Eliza Owen, Head of Research Australia at CoreLogic, has released an interesting report examining property returns during Australia’s 20 years of low inflation:
The latest CPI results from the ABS showed a 1.6% increase in the consumer price index over the September quarter. The increase was the highest quarterly result since 2006, and adjusting for a strong rise in inflation takes some shine off the recent value increases seen across smaller capital city housing markets in the period.
Factoring inflation into the rate of capital gains of dwelling values provides an important perspective that is often overlooked.
Housing is an integral part of Australian household wealth, and has been identified as a key source of equity for funding aged care and health care later in life. Therefore, inflation can affect the real value that be accessed through property over time.
When taking headline inflation numbers into account for the September quarter, real (i.e inflation adjusted) changes in house prices showed declines across 7 of the 8 capital city markets, and the combined regional markets. Darwin was the only capital city market to exhibit real dwelling value growth, at 0.7%.
However, the 1.9% decline in headline inflation through the June quarter, which was not fully recovered by the September result, has reduced the real decline in property values through the pandemic compared with the nominal result.
Nominal declines in national dwelling values were 1.9% between the end of March (when stage 2 lockdowns were rolled out across Australia), and September. However, adjusting for the deflationary period in June, real dwelling values fell only 1.5%.
While annual inflation has been weighed down to 0.7%, real growth in national dwelling values was 4.1% in the year to September.
Cash rate reductions, which are anticipated through November, are prompted by a low inflationary environment, but simultaneously increase demand for property, and typically push prices higher. Despite the initial correction in home values that came with high uncertainty and a slowdown in economic activity, residential real estate values show signs of stabilising, or even increasing.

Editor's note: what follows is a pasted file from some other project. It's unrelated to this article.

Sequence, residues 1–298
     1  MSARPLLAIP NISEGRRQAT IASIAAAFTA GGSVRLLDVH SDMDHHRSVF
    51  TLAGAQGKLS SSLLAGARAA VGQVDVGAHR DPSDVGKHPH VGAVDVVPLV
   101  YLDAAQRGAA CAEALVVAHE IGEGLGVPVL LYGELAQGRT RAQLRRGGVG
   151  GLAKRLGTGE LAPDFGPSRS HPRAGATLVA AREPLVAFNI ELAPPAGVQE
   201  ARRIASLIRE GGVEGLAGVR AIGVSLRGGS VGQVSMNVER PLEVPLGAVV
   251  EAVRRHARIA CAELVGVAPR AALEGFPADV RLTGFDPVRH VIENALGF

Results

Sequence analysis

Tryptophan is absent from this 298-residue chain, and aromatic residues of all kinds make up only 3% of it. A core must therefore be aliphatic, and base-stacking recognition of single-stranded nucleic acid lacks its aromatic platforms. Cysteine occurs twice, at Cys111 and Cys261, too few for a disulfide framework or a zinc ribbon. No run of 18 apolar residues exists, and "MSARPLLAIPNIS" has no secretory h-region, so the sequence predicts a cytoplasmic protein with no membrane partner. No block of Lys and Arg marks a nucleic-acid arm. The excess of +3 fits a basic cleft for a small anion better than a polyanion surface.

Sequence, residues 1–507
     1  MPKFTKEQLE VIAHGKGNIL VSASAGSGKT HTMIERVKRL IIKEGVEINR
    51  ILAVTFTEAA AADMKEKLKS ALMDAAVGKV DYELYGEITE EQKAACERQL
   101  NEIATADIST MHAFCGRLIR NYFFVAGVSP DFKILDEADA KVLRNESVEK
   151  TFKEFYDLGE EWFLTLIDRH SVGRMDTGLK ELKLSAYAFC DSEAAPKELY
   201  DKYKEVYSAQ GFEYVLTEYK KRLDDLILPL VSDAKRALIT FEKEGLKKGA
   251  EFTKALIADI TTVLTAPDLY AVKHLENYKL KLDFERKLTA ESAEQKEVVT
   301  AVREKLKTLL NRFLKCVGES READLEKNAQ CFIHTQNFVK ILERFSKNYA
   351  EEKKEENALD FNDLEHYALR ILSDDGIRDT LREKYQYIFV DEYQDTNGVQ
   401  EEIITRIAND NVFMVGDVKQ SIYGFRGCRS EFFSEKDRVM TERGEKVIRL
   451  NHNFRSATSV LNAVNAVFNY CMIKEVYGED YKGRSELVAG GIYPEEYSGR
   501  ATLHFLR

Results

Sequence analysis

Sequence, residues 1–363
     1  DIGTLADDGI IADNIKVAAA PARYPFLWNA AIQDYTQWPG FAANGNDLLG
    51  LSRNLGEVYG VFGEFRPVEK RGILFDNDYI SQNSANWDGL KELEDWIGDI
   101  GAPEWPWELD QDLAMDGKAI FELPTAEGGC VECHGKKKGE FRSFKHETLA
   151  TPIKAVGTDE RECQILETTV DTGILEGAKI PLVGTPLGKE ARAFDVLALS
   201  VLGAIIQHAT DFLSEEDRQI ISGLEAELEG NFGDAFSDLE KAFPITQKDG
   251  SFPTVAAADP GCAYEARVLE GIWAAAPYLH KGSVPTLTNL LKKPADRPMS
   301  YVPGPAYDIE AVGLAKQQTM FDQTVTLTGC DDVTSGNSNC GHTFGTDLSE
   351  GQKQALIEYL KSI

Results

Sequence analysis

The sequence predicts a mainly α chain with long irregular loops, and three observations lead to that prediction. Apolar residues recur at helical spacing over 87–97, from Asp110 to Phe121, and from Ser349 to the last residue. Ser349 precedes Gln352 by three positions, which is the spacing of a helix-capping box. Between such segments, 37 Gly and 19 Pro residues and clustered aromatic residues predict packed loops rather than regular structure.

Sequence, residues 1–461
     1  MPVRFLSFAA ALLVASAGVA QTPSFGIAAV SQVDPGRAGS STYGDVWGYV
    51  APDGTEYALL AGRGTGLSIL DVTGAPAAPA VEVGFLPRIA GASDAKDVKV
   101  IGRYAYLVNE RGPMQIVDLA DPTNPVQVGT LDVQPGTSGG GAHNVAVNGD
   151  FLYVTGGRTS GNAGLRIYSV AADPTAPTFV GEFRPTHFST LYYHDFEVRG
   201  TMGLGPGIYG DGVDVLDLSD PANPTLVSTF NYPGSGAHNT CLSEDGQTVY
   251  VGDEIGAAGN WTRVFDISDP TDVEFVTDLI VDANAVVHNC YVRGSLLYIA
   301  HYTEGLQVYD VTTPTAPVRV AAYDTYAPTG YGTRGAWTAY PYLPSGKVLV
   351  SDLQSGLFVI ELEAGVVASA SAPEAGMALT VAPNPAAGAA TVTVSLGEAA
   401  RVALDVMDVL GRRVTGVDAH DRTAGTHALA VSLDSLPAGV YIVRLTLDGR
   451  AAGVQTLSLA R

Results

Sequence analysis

A particular challenge through the current period may be for those trying to save for a deposit to buy property, particularly for first home buyers who do not have existing property to draw on for sale or equity.
On the one hand, low inflation erodes the value of savings at a more gradual pace. But with the cash rate potentially hitting new record lows in November in an attempt to lift inflation, deposit rates for savings accounts are likely to be further compressed. This could see first home buyers trying to enter the market with increasingly low deposits, meaning more debt, which in a low inflationary environment, is harder to pay off over time.
What does inflation tell us about real returns in different areas over time?
Growth in housing across Australia at the macro level has broadly outpaced inflation, creating real returns for property owners across Australia. In the June 2020 Pain and Gain report, it was noted the median return for resales on property held for 30 or more years had a nominal profit of $569,000. On the median resale through the June quarter, this amounted to a real return of $230,000.
The table below summarises the nominal versus real returns on capital city dwelling values over a 10 and 20 year period. The 10 year real return highlights the weakness in long term returns from mining-related markets like Perth and Darwin. It also highlights that the growth in the Brisbane market over the past 10 years can be largely attributed to inflation.
Over a 20 year period however, each capital city dwelling market has returned growth higher than inflation. Real returns for housing in Australia increased from the late 1980’s, driven by deregulation in the financial system, increased globalisation and relatively low levels of supply to strong population growth.
Stubbornly low inflation against a low interest rate environment may continue to boost real returns for home owners, but could exacerbate the challenge for non-home owners to get on the property ladder.
I made similar observations in my 2016 Special Report: “Why common housing affordability measures are wrong”.
Inflation and interest rates might be very low, but this has been accompanied by poor wage growth, which means a greater burden across the life of a mortgage. This is the real problem with housing affordability.
Periods of high inflation, like we saw in the 1970s and 1980s, are generally accompanied by high nominal wages growth. And this high wage growth effectively inflates away one’s mortgage balance over time.
By contrast, low inflation and low nominal wages growth means that a jumbo-sized mortgage taken-out today will remains a big mortgage for decades to come.